FAMM's public education and communications efforts have been integral to this success. Our greatest asset is the personal stories of our members, which have been pivotal in winning the hearts and minds of lawmakers and the public. We anticipate even greater change now that we have begun organizing affected families and individuals through our national FAMM advocates program.

Over the past two and a half decades, FAMM has led campaigns for some of the biggest federal sentencing reforms, beginning with the federal safety valve enacted in 1994, which continues to help thousands of low-level drug offenders avoid excessive mandatory minimum sentences every year.

FAMM was one of the five founding members of Clemency Project 2014 (CP2014), the massive pro bono effort organized to assist the Obama administration's clemency initiative. FAMM helped train attorneys to draft clemency petitions and served on panels that screened petitions. CP2014 submitted more than 2,500 petitions. President Obama granted 1,715 applications for clemency.

In 2016, FAMM released a dynamic new report, “Using Time to Reduce Crime: Federal Prisoner Survey Results Show Ways to Reduce Recidivism." The report includes the findings of the first-ever independent survey of federal prisoners, which focused on the type and quality of educational and vocational training programs, as well as substance abuse and mental health treatment, currently available in America's federal prisons.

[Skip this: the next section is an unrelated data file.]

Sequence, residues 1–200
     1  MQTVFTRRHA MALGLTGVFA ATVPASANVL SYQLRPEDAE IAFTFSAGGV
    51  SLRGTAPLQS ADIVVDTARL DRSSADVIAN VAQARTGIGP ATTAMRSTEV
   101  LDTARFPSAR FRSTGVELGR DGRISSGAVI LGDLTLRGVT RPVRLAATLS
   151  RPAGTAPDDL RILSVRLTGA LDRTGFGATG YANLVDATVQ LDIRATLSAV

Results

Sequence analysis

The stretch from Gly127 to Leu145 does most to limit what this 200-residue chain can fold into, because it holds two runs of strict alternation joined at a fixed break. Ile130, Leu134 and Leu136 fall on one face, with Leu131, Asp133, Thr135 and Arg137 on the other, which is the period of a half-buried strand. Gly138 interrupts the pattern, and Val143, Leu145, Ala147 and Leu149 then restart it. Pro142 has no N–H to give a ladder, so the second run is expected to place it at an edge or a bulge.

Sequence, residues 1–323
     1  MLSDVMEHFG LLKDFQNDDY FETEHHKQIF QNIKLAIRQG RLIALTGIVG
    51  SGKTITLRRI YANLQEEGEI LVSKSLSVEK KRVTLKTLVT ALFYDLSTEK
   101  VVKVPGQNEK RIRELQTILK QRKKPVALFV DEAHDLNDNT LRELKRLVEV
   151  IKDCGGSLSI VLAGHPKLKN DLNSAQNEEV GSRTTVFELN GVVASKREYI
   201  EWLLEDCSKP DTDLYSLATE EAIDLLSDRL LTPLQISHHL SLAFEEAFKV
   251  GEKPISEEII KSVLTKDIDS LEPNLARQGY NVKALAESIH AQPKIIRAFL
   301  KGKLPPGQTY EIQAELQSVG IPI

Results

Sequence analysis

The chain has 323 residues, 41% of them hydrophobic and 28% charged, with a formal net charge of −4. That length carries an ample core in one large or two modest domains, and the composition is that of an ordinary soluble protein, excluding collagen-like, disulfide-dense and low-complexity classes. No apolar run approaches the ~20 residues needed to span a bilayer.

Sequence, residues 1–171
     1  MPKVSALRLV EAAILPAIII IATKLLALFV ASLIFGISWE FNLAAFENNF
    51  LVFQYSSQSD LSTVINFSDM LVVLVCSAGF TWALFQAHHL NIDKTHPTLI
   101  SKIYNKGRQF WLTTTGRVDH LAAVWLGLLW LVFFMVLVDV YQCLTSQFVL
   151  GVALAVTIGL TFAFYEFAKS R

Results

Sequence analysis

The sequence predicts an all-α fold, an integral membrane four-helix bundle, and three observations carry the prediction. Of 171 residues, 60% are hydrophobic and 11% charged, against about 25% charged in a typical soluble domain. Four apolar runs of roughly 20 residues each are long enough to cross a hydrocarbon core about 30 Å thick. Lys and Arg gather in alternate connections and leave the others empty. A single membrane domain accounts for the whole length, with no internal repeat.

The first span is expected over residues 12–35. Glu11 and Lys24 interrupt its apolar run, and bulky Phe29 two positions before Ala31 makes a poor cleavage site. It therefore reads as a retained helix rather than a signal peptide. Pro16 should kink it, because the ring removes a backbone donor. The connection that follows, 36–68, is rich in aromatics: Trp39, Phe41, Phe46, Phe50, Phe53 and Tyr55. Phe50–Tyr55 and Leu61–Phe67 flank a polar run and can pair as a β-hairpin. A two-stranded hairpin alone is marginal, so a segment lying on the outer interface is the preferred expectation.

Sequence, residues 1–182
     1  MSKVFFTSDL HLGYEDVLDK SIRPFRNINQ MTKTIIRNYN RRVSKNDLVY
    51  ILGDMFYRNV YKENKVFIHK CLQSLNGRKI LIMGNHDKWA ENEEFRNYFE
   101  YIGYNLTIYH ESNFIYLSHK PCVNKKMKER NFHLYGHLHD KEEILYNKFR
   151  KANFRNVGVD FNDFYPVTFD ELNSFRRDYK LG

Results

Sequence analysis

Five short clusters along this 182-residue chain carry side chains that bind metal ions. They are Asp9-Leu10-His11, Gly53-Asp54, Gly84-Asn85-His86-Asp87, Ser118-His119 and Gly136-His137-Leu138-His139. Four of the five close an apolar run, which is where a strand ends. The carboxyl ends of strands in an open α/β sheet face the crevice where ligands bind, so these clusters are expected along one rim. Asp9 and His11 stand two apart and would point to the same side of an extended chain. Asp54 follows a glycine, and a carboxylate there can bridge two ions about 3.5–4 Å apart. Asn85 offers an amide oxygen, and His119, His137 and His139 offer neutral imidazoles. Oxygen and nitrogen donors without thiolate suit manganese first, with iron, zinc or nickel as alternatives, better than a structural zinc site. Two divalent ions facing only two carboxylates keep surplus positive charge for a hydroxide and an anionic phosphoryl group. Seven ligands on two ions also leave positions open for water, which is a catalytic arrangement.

In 2017, FAMM launched new policy initiatives around prison and parole reform, compassionate release, and state clemency. Moving forward, we will work to engage and mobilize more families and individuals who might be affected by injustices not directly tied to mandatory sentencing and, in doing so, promote broader criminal justice reform.

Financials

Families Against Mandatory Minimums Foundation
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Operations

The people, governance practices, and partners that make the organization tick.

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Connect with nonprofit leaders

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  • Analyze a variety of pre-calculated financial metrics
  • Access beautifully interactive analysis and comparison tools
  • Compare nonprofit financials to similar organizations

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Families Against Mandatory Minimums Foundation

Board of directors
as of 6/25/2019
SOURCE: Self-reported by organization
Board chair

Ms. Julie Stewart

FAMM

Term: 2016 -

Julie Stewart

Eric Sterling

Jason Flom

Shon Hopwood

Phil Harvey

Norman Brown

Board leadership practices

SOURCE: Self-reported by organization

GuideStar worked with BoardSource, the national leader in nonprofit board leadership and governance, to create this section.

  • Board orientation and education
    Does the board conduct a formal orientation for new board members and require all board members to sign a written agreement regarding their roles, responsibilities, and expectations? No
  • CEO oversight
    Has the board conducted a formal, written assessment of the chief executive within the past year ? No
  • Ethics and transparency
    Have the board and senior staff reviewed the conflict-of-interest policy and completed and signed disclosure statements in the past year? No
  • Board composition
    Does the board ensure an inclusive board member recruitment process that results in diversity of thought and leadership? No
  • Board performance
    Has the board conducted a formal, written self-assessment of its performance within the past three years? No